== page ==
Who turned out the lights?
There hasn’t been a total solar eclipse that tracked from coast to coast in the United States for nearly 100 years. It’s going to be a while before we get a celestial show like this again, and Charleston and Mount Pleasant have some of the best seats in the house!
Over the span of about an hour and a half on Monday, August 21, the moon will pass between the sun and the Earth. The show starts at 1:16 p.m., and the total eclipse will be at 2:46 p.m. Total coverage will only last for a minute or two, so don’t be late!
For that brief moment, everything in South Carolina will be on hold as we cast our gaze into the darkened sky (with proper eye protection, of course) for the most-documented eclipse in history.
Ancient Beliefs About Solar Eclipses
In many times and places, eclipses were a great source of fear. There are few things more reliable than the fact that the sun will rise and set each day, shining its light down on the world (provided there is no cloud cover).
What, then, would it mean to someone unfamiliar with the organization of our solar system if the sun were to go dark in the middle of the day? Such a rare and spectacular event would seem supernatural, a sight to inspire awe and fear.
If even the wonder of a full moon can give rise to ancient myths that last to this day, imagine what beliefs a spectacle like a solar eclipse could inspire!
People from around the world have speculated about the meaning of eclipses. Here are a few of the more interesting ones:
- Scandinavian mythology tells of two great wolves: Skoll wanted to eat the sun, while Hati pursued the moon. An eclipse is the result of the wolves finally catching their prey. In an attempt to scare the deities away from the sun, we mortals should make as much noise as possible by screaming and shouting.
- The Chippewa of North America worried that the sun was losing its fire, so they shot flaming arrows into the sky in an attempt to relight it. Well, it didn’t not work.
- Korean mythology tells of a giant fire dog that enjoys taking a bite out of the sun. They handled the cosmological dog the same way I handle stray dogs in the yard: by making noise until it went away.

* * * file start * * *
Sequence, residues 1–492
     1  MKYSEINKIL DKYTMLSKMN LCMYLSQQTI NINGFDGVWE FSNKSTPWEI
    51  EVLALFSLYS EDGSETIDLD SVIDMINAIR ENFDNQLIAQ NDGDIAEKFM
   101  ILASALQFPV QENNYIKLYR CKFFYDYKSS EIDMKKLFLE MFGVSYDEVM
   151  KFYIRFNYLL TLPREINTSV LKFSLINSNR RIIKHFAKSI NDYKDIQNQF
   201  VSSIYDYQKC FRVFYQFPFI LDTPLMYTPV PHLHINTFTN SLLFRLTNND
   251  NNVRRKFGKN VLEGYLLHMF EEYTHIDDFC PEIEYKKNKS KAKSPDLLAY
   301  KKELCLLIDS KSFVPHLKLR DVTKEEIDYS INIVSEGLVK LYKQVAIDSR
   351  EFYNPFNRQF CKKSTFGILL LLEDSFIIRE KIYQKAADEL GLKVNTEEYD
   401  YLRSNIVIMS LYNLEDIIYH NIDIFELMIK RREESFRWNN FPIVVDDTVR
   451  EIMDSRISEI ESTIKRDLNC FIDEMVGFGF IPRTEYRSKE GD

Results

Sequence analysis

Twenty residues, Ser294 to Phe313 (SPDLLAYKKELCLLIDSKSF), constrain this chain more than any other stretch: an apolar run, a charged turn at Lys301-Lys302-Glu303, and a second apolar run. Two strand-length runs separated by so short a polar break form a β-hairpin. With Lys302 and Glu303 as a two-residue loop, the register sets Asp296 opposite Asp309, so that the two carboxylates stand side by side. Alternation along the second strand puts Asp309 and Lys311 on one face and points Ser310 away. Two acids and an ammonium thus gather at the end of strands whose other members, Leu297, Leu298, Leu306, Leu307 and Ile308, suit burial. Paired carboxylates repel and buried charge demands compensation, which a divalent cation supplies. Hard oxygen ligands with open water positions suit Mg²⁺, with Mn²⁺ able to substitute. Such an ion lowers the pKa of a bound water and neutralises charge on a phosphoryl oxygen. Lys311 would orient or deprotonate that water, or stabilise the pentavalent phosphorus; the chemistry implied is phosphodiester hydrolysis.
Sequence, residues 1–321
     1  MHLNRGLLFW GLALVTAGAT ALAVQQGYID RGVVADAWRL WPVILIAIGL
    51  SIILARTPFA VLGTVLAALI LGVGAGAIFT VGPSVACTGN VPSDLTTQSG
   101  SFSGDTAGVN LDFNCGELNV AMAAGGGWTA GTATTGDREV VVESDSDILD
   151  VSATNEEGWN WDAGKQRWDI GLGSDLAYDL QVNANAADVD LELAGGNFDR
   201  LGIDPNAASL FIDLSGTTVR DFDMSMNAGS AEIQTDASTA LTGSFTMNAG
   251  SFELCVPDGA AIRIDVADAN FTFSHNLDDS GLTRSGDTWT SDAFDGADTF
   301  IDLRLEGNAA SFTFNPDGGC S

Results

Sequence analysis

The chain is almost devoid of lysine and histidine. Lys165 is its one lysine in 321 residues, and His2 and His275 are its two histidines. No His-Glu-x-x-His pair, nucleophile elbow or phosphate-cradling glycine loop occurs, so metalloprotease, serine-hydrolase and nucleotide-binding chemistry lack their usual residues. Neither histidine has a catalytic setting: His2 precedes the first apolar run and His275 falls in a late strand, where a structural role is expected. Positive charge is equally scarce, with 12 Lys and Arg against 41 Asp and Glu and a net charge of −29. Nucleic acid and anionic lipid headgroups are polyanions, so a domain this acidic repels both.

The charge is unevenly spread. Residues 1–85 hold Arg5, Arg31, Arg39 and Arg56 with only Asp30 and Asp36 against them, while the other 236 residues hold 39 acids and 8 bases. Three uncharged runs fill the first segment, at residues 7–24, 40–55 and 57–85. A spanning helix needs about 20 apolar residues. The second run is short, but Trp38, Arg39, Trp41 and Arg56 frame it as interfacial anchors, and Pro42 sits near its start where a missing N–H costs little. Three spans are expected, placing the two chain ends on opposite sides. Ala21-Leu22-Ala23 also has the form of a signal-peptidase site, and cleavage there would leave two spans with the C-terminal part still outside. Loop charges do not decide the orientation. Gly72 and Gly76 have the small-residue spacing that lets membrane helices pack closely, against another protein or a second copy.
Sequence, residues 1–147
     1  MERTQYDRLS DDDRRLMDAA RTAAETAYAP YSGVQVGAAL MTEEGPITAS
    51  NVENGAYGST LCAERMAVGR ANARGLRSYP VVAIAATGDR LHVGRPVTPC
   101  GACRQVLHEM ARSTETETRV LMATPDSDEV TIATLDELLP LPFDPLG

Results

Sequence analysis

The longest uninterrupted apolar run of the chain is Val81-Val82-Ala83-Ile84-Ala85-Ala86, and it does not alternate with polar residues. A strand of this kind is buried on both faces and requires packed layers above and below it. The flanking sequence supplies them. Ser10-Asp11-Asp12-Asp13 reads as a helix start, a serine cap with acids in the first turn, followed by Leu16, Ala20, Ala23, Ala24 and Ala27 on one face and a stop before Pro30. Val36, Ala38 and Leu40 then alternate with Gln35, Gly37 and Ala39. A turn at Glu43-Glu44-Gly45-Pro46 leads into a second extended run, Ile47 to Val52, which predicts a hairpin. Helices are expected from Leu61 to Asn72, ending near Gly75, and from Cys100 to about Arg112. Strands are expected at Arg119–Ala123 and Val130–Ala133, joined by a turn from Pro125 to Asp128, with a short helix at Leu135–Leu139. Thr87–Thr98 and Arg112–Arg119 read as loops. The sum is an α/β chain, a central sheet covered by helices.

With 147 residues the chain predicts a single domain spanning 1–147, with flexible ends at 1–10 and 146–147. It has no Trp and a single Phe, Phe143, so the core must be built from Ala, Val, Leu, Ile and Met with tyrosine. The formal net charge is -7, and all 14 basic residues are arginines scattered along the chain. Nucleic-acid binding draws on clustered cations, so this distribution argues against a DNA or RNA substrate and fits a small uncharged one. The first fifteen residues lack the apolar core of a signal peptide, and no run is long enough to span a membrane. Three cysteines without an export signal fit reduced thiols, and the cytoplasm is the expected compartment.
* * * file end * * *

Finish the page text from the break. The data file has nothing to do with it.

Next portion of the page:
- A Hindu legend describes the demon Rahu, who disguised himself as a god in order to drink an elixir granting immortality. The sun and moon told on Rahu, and the god Vishnu beheaded him. Rahu’s immortal head chases the sun and moon to this day, occasionally catching them and swallowing them. SCARY!
- Many other cultures also believed a deity or cosmic creature was consuming the sun during an eclipse. For the Vietnamese, it was a frog. To the Chinese, it was a dragon. Some Native American tribes believed it was a bear that attempted to eat the sun.
Great Eclipses in History
An eclipse might be cause for a nationwide holiday nowadays, but that wasn’t always the case:
- 1133 A.D. An eclipse coincided with the death of King Henry I of England, helping to push the country into a civil war.
- 585 B.C. The Lydians and Medes (present-day Turkey) ended a 15-year war after interpreting a solar eclipse as a sign of heavenly disapproval.
- 763 B.C. In what is now Iraq, an insurrection in the city of Ashur occurred the same day that a total eclipse loomed overhead.
- 1302 B.C. The emperor of China interpreted a total solar eclipse as a warning, so he performed rituals in an attempt to rescue the sun.
Happy Great American Eclipse Day
While the 2017 solar eclipse is sure to be an amazing sight in Charleston and Mount Pleasant, make sure that you take steps to protect yourself and your children. You can do serious damage to your eyes if you attempt to watch the eclipse without protection.
You might not go blind, but staring at the sun can cause solar retinopathy. Overstimulation of light-sensitive cells can damage the retina, even if you feel no pain.
If it’s too late to find approved glasses, you can always try making your own cardboard box eclipse viewer. It may not be the most stylish way to watch, but it sure gets the job done: http://www.instructables.com/id/Cardboard-Box-Eclipse-Viewer/
Enjoy this once-in-a-lifetime event—just make sure you wear proper eye protection when you do.